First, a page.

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And we know that the subsequent international crisis, which was especially intense during the summer and autumn of 1961, threatened the world with the risk of a military conflict, one that seemed as if it could escalate at any time into nuclear confrontation between the U.S. And the Soviet Union" (p. 44). Over the next 25 years, the Berlin Wall grew both in terms of its physical dimensions as well as in its increasingly clear message to the world that the Soviet Union was going to do everything possible to contain its citizens in East Berlin in what was tantamount to an enormous prison. In this regard, Tijus and Santolini (1996) report that, "The main purpose of the wall that enclosed West Berlin was to prevent East Germans from crossing into West Berlin (and therefore into West Germany). The wall was 167.7 kilometers long. Concrete slabs, other walls, buildings, and houses accounted for 107.5 kilometers; wire fencing accounted for another 55.4 kilometers; and the remaining 4.8 kilometers were constructed of barbed wire" (p. 402). Things finally came to a boil when, in a poignant speech in West Berlin in June 1987, then-President Ronald Reagan challenged the Soviet premier to "tear down this wall," and by 1989, the wall came down, thereby signaling an end to the Cold War (Young, 2004, p. 19).
1990s: The First Persian Gulf War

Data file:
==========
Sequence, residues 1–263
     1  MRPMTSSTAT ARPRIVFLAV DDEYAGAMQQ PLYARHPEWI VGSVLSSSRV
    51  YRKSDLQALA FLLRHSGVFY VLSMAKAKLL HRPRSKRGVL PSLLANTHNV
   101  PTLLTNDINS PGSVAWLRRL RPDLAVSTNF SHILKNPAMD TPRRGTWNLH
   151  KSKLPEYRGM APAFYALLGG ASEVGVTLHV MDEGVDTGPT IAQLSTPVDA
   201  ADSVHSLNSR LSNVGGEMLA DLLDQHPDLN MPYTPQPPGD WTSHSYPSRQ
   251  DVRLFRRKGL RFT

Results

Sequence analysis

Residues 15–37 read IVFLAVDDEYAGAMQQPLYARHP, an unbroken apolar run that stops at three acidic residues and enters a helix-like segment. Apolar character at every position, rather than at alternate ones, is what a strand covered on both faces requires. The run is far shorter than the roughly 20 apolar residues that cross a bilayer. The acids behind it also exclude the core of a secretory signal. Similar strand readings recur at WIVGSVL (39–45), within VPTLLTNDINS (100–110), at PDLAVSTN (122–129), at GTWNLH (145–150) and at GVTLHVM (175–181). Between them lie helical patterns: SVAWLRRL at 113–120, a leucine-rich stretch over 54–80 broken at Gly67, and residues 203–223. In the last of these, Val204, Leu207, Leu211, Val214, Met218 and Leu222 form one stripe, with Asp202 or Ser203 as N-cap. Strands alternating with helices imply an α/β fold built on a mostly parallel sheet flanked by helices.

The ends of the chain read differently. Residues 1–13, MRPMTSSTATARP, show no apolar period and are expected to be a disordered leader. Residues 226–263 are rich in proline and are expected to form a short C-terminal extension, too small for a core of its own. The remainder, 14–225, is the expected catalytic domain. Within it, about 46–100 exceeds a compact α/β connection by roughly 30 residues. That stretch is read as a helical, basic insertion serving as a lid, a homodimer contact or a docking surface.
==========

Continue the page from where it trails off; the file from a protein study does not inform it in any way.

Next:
Today, the United States has become inextricably involved in ground wars in both Afghanistan and Iraq, but these conflicts are due in large part to American's response to the terrorist attacks of September 11, 2001 and the succeeding global war on terrorism (Weiner, 2006). By contrast, the First Persian Gulf War in 1991 was fought to help expel Iraq's military forces from their invasion of Kuwait. When Saddam Hussein ordered his forces into Kuwait, it was based on his assertions that Kuwait was part of Iraq and his efforts were tantamount to a "liberation" of the Kuwaiti people. The Kuwaitis, of course, felt otherwise and requested assistance from then President George Bush. Following a brief but costly conflict, at least for the Iraqi forces, more than 700,000 American military forces succeeded in expelling the Iraqi invaders and chased them all the way back to their borders (Nelson, 2008). The Iraqi forces torched Kuwaiti oil fields on their way home, though, creating an environmental and economic fiasco that required an enormous effort on the part of the international community, but primarily the United States, to remedy (Boyle, 2004).